Thanks for the feedback, and a great site. Keep up the good work 🙂

  4. Interesting read and not uncommon for a lot of runners I’m sure. Depending on where you are at with your fitness, and what your next goal is, determines whether you should be running just aerobic sessions to increase base fitness (with the odd stride included to keep some pace in your legs 100mtr or so) or whether base fitness runs, plus tempo/hill/speed work is required. Base building tends to be similar paced runs with a focus on building aerobic capability and putting miles in the tank. You will naturally get faster at your cruising speed by increasing fitness, without reaching race pace / anaerobic levels during training which are for strength work – not endurance, and should only equate to a small proportion of your weekly training mileage 🙂 base, hills, speed… Have a read at Arthur lydiard’s training principles, may find they help with your development 🙂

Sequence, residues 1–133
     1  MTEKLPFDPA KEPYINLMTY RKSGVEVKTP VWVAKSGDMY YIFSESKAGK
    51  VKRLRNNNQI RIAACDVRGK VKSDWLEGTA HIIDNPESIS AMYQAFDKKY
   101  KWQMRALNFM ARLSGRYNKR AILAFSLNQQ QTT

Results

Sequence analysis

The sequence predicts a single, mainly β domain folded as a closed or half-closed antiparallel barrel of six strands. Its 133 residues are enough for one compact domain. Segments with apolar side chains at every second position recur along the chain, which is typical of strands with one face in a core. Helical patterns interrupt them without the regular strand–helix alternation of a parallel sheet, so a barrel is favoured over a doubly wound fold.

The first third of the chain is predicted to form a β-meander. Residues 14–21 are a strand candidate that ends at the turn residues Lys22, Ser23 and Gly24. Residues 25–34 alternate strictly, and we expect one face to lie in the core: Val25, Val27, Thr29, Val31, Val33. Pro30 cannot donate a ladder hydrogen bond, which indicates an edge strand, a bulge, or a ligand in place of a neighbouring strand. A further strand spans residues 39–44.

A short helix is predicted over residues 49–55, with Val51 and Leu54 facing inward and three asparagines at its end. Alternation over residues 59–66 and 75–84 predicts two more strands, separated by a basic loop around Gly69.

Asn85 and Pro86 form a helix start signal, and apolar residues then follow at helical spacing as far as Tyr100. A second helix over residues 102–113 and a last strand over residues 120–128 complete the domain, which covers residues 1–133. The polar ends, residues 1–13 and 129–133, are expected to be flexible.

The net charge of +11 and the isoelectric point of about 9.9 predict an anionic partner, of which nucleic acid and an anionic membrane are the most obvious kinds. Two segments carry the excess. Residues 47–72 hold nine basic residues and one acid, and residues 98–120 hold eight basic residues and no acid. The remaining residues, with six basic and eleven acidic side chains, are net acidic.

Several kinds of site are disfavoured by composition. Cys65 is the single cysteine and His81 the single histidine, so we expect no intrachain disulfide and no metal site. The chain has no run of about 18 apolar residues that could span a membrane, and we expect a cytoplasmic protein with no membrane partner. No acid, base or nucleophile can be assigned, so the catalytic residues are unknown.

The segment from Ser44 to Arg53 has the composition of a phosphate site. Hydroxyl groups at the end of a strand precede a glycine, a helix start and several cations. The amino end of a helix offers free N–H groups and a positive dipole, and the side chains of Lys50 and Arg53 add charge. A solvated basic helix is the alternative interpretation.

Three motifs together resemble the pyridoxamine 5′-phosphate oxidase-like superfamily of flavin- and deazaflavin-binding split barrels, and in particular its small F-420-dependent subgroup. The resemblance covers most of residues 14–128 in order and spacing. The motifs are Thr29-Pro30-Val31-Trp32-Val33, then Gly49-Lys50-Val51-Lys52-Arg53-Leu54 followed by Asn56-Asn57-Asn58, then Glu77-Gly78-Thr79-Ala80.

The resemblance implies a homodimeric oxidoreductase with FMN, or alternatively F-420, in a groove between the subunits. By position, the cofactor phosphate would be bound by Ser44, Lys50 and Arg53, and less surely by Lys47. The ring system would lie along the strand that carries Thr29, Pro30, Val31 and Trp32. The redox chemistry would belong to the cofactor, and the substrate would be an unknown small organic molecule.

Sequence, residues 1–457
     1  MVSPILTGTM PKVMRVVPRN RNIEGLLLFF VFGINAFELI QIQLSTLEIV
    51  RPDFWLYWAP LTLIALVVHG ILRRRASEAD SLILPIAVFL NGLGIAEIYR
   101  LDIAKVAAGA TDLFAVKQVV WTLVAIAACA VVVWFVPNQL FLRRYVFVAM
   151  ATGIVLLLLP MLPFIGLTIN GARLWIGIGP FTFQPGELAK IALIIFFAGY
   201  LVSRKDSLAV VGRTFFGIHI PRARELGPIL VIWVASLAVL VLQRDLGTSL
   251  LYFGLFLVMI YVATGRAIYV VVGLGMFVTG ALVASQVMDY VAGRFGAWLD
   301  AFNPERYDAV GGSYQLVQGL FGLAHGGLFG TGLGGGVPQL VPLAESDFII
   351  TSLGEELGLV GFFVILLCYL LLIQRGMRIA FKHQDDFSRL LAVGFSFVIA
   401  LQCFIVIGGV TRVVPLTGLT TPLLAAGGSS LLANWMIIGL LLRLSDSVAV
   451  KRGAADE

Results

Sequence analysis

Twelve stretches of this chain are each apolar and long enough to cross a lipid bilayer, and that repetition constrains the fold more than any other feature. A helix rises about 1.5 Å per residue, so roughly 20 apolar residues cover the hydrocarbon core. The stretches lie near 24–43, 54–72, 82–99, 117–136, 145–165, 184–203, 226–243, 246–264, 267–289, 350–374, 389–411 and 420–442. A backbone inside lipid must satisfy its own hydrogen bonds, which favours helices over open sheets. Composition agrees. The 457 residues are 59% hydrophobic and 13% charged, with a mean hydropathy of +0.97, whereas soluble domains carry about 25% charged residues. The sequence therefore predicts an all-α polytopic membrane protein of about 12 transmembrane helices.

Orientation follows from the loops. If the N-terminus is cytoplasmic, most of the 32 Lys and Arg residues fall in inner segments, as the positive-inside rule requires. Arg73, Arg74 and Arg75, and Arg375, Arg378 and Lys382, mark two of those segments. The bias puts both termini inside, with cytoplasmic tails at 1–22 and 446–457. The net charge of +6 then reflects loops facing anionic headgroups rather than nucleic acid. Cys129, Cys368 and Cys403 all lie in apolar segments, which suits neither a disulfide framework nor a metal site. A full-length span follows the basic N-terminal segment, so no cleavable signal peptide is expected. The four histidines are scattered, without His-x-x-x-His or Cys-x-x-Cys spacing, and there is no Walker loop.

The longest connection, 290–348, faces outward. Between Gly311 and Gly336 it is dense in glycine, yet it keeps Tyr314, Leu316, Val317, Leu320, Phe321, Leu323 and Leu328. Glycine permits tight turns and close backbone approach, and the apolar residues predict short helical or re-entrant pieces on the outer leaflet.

5. I was guilty of this last year as I trained for my first ultra. In the autumn I discovered Eric Orton’s book the Cool Impossible which not only helped me improve my form but also gave me a lot more structure to my training. It focuses a lot on low heart rate runs to force me to run slower but also interval and hill sessions to work on the speed aspect. I’m sure highly structured programmes aren’t for everyone but it’s certainly helped my running.

  6. I used to find having a number of different friends to run with useful for altering pace. Some slower some faster, it also added a social dimension to the activity. Then of course there were the long solo runs when time was your own and you ran with the wind as your company and held conversation with your body…

    ANdy